Making Work Safer
Jeff Drew

In the Biomechanics and Ergonomics Lab of EWU's Department of Physical Therapy, a mannequin head lies wide-eyed next to a skeletal torso. Crowded into a corner are several beds and chairs with hard vinyl cushions and adjustable components; a photography lighting setup is jumbled in another corner.

Making Work Safer
Dan Anton, Eastern Washington University, Riverpoint Campus

Just below the ceiling, the room is ringed by devices that look like large security cameras. At desk height there's another ring of hardware in the form of computer workstations.

Graduate research assistant Neil Morris is standing by one of them, holding a wire. "This is an electromyography, or EMG, electrode," he explains. "With tape it attaches to the surface of the skin, and then through the skin it picks up the amount of electrical activity in the muscle. This then plugs into this device" — he points to what could be a ham radio set — "which communicates wirelessly with the computer to record that activity."

"It's actually a fancy voltmeter," Dan Anton adds, referring to the ham radio. "But this thing costs $15,000, so it's not your typical voltmeter."

Anton, an associate professor in the Physical Therapy department, heads a research effort that includes Morris and several other research assistants like Jayme Gilmore, who's also here conducting this impromptu tour. Their grant-based research focuses on "work-related musculoskeletal disorders." That involves proactively addressing problems like tennis elbow, tendonitis and shoulder impingement — issues that develop gradually and invisibly to affect workers in a wide variety of professions.

"We try to find a technique or tools that reduce the risk of injury," says Morris, who's on the research team specializing in construction solutions. "Think of someone running a jackhammer. There's vibration syndrome, which can lead to carpal tunnel and all kinds of things. One solution is to use a vibration reduction glove that helps reduce the amount of vibration transmitted into the hands." He offers for inspection a glove that wouldn't be out of place in a sci-fi B-movie, with a thick brickwork of gray rubber padding on the palm and the digits.

Anton raises a chunky, lozenge-shaped device by its center handle. "This is a portable bandsaw. It's been out for about a year, so it's a fairly new tool that is not widely used. What we do is we say, 'This is cool. But is it really better than the traditional way of doing things, using a hacksaw?'"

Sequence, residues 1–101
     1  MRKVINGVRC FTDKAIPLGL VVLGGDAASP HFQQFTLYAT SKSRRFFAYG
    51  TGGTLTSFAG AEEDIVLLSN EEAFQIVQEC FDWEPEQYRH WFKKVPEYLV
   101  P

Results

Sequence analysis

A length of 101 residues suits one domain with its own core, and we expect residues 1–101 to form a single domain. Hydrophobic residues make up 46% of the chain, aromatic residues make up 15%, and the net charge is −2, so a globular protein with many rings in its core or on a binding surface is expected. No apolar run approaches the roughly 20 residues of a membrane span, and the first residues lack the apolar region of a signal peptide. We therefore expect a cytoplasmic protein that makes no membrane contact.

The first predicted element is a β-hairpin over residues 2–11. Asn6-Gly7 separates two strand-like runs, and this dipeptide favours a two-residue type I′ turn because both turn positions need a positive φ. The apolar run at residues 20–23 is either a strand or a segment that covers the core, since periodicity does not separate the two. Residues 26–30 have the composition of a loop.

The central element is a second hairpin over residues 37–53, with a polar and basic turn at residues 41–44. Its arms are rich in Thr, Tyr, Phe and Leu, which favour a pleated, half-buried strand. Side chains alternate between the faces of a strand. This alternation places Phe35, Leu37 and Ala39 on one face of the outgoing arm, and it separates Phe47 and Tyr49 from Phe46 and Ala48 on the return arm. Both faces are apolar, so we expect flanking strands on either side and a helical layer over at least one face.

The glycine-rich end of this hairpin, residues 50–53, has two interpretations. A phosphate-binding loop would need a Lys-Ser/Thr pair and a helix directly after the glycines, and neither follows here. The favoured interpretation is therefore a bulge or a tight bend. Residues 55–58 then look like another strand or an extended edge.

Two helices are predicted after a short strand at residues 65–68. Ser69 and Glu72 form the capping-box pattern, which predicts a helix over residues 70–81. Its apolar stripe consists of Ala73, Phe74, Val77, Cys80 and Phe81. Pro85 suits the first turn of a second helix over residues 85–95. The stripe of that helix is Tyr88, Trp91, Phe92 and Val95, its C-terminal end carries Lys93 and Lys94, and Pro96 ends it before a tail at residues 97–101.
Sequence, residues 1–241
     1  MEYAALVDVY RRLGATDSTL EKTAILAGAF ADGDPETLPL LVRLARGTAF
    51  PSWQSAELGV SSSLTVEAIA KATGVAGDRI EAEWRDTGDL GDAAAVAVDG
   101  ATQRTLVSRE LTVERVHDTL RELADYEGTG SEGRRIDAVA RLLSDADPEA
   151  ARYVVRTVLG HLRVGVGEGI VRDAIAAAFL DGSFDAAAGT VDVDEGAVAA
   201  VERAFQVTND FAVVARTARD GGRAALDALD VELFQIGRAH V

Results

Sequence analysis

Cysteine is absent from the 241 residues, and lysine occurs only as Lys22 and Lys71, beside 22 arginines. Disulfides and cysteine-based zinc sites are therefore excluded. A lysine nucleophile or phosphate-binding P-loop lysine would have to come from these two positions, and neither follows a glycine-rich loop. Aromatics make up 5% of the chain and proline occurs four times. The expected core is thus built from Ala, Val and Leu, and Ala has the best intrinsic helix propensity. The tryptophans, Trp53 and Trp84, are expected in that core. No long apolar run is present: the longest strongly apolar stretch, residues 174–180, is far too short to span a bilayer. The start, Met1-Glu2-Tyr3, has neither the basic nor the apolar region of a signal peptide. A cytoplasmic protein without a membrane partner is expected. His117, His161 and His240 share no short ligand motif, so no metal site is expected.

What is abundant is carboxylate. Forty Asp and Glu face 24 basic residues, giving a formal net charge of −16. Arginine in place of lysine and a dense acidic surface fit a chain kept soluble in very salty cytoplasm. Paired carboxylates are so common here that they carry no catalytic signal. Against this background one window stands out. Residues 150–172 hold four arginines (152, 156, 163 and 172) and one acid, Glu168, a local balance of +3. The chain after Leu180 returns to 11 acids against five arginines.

That's where the EMG electrodes and motion-capture cameras come in. By using human subjects in the lab and real-world scenarios to measure the amount of muscle activity and the nature of movement each tool or technique requires, these researchers can analyze the data to draw conclusions about their ergonomic impact.

"With electricians, plumbers, pipefitters, everybody who's working overhead a lot, there's a potential for shoulder injury and also overuse because you have to grip hard on the tool," says Morris. "Obviously it takes more muscle force to use the hacksaw, but it's a lot lighter weight than the bandsaw. The bandsaw cuts faster and easier, but it's heavier. So is it better, particularly when cutting overhead?"

After investigating these questions, the research assistants then publish their findings as "solution sheets" on a free, publicly available website overseen by CPWR: The Center for Construction Research and Training. The sheets are accessed by unions, contractors and site managers to find novel or surprisingly abiding solutions that reduce workplace injuries and long-term debilitating disorders. Anton estimates the site gets roughly 9,000 hits per month.

It isn't just handymen and heavy lifters who are prone to these kinds of issues.

"About 80 percent of dental hygienists have musculoskeletal complaints, and about 15 percent have actual carpal tunnel syndrome. That's a substantial number," Anton says. "That's because dental hygienists are gripping repetitively, constantly pinching very forcefully to stabilize the instrument when they're working."

Gilmore adds that things are exacerbated by hygienists' "awkward and static poses," which we tend not to notice when we're bass-mouthed captives in the dentist's chair. Statistics issued by the Washington State Department of Labor and Industries in 2011 showed dental hygienists to be the only medical practitioners within the top 25 professions for incurred costs for claims related to the musculoskeletal system. Until that point, she says, "I hadn't realized it was such a major issue."

Her four-person team combs existing research to develop online training modules for dental hygienists. Like their construction-oriented counterparts, they consider factors like the hygienist's posture, the patient's position and available tools to mitigate musculoskeletal impairment. Their modules are ultimately destined for the Labor and Industries website.

"Hopefully, it will create a little bit of awareness," says Morris, "and it will get people to think, 'Is there a better way I could be doing this?'"

"That's what ergonomics is," Anton says: "Trying to find out if there's a better way to do things." ♦

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About The Author

E.J. Iannelli

E.J. Iannelli is a Spokane-based freelance writer, translator, and editor whose byline occasionally appears here in The Inlander. One of his many shortcomings is his inability to think up pithy, off-the-cuff self-descriptions.